Walk through the New York Botanical Garden in the Bronx (NYBG), past the exotic orchids, blossoming bougainvillea, swaying grasses, and a patch of pristine forest like the one that was here when the Dutch arrived in the 17th century, and you’ll likely miss the most significant plants in the place. Scattered amidst the displays of boisterous and fragrant vegetation, in one of the most celebrated plant collections in North America, are the wild relatives of our most important food crops.
In their untamed form, they’re barely recognizable as in the same family as the fruits and vegetables on our dinner plates. But there they are—the crenellated leaves with little yellow flowers in the genus of Brassica, progenitor of broccoli, bok choy, Brussels sprouts, turnips, and cabbage; the fernlike leaves of the Juglans genus of walnuts, pecans, and hickory nuts; and even a couple of short, wild banana trees.
They may not look familiar, but scientists are discovering that many of them have characteristics that are critical to the survival of crops facing the tumultuous shifts in growing conditions triggered by climate change. Only a fraction of the wild relatives of food crops have been collected in any systematic way, but the hunt is on for them as plant scientists come to understand the important reservoirs of genes they possess from the mere fact of having survived so many seasons of changing conditions.
“Climate change drives home the importance of preserving wild landscapes, because they harbor plants important to our food security.”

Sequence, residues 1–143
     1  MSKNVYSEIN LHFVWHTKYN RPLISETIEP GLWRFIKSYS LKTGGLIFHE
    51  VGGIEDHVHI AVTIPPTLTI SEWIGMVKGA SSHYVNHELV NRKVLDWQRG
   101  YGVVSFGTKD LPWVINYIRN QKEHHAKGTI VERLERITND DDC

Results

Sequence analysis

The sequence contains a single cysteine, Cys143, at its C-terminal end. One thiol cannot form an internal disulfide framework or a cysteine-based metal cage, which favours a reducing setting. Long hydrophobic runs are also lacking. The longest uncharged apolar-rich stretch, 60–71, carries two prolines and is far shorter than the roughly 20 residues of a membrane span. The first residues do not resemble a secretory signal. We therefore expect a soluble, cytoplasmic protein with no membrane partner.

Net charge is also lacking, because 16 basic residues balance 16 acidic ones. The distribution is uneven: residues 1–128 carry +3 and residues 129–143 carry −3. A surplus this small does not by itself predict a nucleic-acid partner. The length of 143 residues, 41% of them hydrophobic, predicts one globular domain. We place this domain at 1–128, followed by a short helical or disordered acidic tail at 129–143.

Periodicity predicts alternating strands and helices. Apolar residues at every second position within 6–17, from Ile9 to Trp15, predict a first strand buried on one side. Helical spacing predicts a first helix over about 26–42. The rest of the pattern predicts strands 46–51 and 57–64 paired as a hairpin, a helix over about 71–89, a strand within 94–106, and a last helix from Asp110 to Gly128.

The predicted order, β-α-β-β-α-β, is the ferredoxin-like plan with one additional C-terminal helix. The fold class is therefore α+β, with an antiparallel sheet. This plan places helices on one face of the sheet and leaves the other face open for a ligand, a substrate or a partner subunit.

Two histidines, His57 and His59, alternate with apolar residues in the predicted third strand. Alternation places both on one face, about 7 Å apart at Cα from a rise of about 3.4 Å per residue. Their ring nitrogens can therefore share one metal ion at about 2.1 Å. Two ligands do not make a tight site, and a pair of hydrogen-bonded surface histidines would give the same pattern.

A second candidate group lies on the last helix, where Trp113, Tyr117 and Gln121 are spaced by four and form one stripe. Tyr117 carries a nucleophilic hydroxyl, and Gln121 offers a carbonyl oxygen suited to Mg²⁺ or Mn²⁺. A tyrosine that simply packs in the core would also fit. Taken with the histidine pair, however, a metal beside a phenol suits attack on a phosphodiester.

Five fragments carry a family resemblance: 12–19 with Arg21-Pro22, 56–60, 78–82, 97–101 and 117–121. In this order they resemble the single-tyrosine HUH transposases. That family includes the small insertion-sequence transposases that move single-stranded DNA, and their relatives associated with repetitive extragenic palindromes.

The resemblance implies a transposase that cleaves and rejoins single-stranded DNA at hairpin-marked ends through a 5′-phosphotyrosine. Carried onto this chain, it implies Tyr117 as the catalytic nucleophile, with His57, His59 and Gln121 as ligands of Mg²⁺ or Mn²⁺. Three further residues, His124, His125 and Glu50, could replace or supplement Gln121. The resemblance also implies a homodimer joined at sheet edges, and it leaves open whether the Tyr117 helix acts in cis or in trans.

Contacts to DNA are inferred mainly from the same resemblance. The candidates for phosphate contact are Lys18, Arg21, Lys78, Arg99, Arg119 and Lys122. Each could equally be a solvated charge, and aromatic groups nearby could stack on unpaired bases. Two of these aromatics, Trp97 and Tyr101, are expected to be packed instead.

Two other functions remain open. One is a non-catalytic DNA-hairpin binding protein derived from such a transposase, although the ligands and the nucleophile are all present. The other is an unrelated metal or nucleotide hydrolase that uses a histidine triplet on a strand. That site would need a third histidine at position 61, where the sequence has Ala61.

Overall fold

Many of us humans have cousins or aunts or uncles who may not conform with the rest of the family, who embarked on a different path, and yet are part of our family’s fabric—our “wild relatives.” The same thing exists in the world of plants. From the grasslands of the Midwest to the Eastern seaboard, from the mountains of Central Asia and Mexico to the dry gulches of Arizona come the undomesticated family members of the plants we have tamed as food.
But they remain wild, out there growing on their own, evolved to ecosystems that may be far away from the fields where their domesticated cousins are cultivated to feed us. They haven’t been propped up with pesticides or weaned on fertilizers. They have adapted.
In many Indigenous communities, farmers encourage their growth along the borders of their farms to foster cross-fertilization between their crops and these hardy varieties. But most industrial agriculture treats them as more like unwanted weeds. That is a mistake, says Alex McAlvay, who runs the NYBG’s crop wild relatives program.
“With the industrialization and homogenization of the food system we have lost many of the characteristics that come from crop diversity,” he said. “Climate change drives home the importance of preserving wild landscapes, because they harbor plants important to our food security.”
McAlvay led a research team last year that identified the Hindu Kush mountain range, stretching across Pakistan, Afghanistan, and Tajikistan, as the source pool of diversity for the Brassica rapa crops, those relatives of Napa cabbage, turnips, and bok choy now growing in the New York garden. The research, published in the peer-reviewed journal Molecular Biology and Evolution, concluded that conserving those varieties was critical “to cope with changing environmental conditions” in the future.